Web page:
Monday, May 08, 2006

I've Been Planning #2

Next year we will be studying Ancient History and I am attempting to link as many subjects as possible to this study. Science will be no exception, though there will be deviations from ancient studies here because I also want to focus on Biology. I want my children, especially my oldest to be able to identify the differences and similarities of plant and animal cells, identify and describe the parts of the human body and plants. I also want to get more serious about the scientific method. Here are the resources:
  • Joy Hakim's The Story of Science: Aristotle Leads the Way tells the story of the birth of science using quotes from Ancient texts. Science began as an attempt to explain realities and garner predictability in the calendar. I like the historical approach to science, the introduction of early scientists (many of whom I would have neglected), the short reading segments, and colorful illustrations. I was able to get this book at Powells for $8.98 and for that price I can overlook the PC handling of the first couple of chapters.
  • Ancient Science by Jim Wiese -- This is a book of 40 experiments ancients. The book is divided into sections based on ancient cultures like Science from the Dawn of Time and Science among the Pyramids. These experiments are not particularly scientific, but lots of fun for your youngest scientists.
  • The Science of Life by Frank G. Bottone, Jr. is a thin five chapter book that delves into the five kingdoms - Prokaryotae, Plantae, Animalia, Fungi, and Protoctista - through experimentation. We will use this book as a base and supplement with microscope work, nature study, and the study of the human body.
  • As a supplementary text we will use Usborne Internet Linked Science Encyclopedia. My son has used this book until the covers have fallen off. The internet links are kept up-to-date via the Usborne website.
  • We also have the Usborne Internet linked Book of the Microscope to help us on our microscopic journey. My cousin who was a microscope researcher came up and helped my son with his microscope after he first got it and after those initial lessons he can really scan and focus. Our microscope came from Great Scopes - a family run business. We also got some really good pre-made slide sets from them and they have ideas, lessons, and links for the microscope.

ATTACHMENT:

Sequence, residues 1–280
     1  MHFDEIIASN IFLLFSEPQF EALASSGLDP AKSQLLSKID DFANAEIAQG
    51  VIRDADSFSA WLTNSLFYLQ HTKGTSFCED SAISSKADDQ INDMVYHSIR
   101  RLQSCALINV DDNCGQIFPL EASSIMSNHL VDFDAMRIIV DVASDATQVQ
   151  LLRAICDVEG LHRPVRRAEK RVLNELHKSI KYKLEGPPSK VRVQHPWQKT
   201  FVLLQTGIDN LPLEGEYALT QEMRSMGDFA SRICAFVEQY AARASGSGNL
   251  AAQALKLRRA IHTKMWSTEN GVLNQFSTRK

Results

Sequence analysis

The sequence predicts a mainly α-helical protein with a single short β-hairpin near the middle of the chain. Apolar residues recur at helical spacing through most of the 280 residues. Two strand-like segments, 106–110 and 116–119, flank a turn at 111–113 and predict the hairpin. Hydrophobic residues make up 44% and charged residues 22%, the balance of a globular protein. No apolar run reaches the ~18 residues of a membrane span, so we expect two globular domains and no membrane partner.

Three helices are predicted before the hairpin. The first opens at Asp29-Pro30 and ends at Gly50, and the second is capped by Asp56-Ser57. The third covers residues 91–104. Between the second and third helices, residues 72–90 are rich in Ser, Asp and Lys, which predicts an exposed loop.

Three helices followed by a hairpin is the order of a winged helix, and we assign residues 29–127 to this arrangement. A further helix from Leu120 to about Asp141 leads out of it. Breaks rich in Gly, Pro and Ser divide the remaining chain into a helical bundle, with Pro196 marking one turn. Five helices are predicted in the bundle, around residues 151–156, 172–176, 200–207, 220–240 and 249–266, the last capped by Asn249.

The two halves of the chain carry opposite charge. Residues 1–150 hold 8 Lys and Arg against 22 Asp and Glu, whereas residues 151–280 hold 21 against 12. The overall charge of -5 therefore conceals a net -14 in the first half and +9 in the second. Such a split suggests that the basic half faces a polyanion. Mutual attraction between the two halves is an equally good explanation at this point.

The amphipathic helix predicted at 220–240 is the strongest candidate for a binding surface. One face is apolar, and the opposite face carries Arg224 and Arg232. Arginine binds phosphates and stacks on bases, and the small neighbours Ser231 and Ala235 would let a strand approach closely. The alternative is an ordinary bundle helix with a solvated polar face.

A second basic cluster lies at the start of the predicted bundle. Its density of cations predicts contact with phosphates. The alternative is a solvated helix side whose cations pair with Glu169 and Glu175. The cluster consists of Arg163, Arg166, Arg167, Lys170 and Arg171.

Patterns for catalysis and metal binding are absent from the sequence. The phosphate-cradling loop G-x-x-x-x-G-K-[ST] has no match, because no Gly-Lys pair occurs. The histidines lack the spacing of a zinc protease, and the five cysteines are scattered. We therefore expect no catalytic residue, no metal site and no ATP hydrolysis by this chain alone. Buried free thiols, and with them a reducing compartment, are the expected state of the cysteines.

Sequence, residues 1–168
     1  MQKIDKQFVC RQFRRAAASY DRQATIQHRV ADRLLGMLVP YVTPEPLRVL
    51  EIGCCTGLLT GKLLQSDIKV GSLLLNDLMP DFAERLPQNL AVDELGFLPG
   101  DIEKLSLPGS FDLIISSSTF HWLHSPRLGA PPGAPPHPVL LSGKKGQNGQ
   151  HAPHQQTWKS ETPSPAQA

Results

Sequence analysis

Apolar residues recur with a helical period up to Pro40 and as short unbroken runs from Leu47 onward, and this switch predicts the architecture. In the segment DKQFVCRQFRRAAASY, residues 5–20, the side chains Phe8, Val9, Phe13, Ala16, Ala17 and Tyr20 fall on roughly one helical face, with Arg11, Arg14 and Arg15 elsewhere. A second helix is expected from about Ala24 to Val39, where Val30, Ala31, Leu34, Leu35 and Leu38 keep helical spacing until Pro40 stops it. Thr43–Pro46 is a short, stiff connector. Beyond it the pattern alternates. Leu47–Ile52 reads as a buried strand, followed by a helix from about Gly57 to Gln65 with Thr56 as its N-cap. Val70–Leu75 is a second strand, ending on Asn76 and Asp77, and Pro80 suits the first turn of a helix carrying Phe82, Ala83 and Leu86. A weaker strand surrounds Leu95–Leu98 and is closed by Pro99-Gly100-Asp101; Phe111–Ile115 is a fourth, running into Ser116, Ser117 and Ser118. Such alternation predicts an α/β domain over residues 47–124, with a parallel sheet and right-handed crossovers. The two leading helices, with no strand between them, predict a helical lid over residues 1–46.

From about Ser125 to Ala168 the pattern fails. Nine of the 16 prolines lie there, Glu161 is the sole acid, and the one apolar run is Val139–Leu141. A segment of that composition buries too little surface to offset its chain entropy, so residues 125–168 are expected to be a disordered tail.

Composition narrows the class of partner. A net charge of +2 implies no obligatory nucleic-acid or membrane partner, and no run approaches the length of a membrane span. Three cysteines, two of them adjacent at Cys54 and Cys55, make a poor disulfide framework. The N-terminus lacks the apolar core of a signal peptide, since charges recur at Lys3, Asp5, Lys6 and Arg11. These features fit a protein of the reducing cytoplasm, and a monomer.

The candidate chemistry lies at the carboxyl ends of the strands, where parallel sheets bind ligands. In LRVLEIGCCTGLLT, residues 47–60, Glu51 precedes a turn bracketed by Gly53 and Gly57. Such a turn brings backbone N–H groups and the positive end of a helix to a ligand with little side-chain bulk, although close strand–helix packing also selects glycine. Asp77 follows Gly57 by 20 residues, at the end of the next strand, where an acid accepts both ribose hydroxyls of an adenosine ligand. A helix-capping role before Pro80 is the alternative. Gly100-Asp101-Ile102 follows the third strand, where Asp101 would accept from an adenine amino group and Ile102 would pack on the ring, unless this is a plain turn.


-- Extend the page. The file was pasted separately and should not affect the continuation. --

As usual, I am so excited about another year of science. I have always loved science, though eventually the public schools squashed the love. When I was in fifth grade science in public school, there were no experiments. We just read a text, answered some questions, and moved to the next chapter. I am so excited that I can offer my six year old and 10 year old a different science experience. Isn't homeschooling grand?

6 comments:

Audrey said...

Just an additional resources for you: there is a series of books called "Science in Ancient..."

Science in ancient China / George Beshore.

Science in ancient Egypt / Geraldine Woods.

Science in ancient Greece / Kathlyn Gay.

Science in ancient Rome / Jacqueline L. Harris.

We used these this year. My science-loving ds thought they were great!

wisteria said...

Excellent!! More Stuff! I am looking at them online as I type. Thanks! Are there more? We love science!!

Audrey said...

That's it for the ancients in that series, but Crabtree also has a book called "Science and Technology in the Middle Ages" by Joanne Findon and Marsha Groves.

Myrtle said...

I got the first volume of Hakim's story of science and I just didn't like it that much. It's not the writing, I just didn't think she did a good job tracing the history of an idea. Rather she just gives a timeline of areas of study of scientists. Having said that, when certain topics come up I have had my son read a particular passage or two out of the book.

She only had three pages out of hundred discussing the contributions of Arabs (Persian Moslems actually) to math and it took quite a bit of digging for me in outside sources to figure out why they ought not be featured more prominently. It would have been nice if she included a discussion over that. Also, and in general, the children's books that I have on the history of science seem to treat technology as if it were science. That's a personal pet peeve.

A very good book for 4th or 5th graders and up is "The Ever Changing Atom." It begins with the Greeks and their ideas and it explains WHY they believed what they did. Then it traces the evolution of the idea all the way up to contemporary quantuum physics. It's larger than average font.

The best book that anyone ever recommended to me personally is "The Magic Furnace" which, again, starts with the Greeks, and traces the history of the discovery of the elements to modern day. What thing did each chemist in history puzzle over? Who picked up the mystery from there? It was great.

On Cosmology, "The Whole Shebang" was a good nontechnical exposition.

wisteria said...

Maybe that is why I picked up the Hakim book for 8.98. I know it is not exhaustive, but I need a narrative in which to organize our readings. We read many books. Thank you for your suggestions. I will check them out. We are so lucky to have so many resources. When school begins, I will have something for everyone.

Jon said...

I'm working on a detailed critique of Hakim's work. Wonder how it actually went for you.
Thanks for the list of other resources.
Mary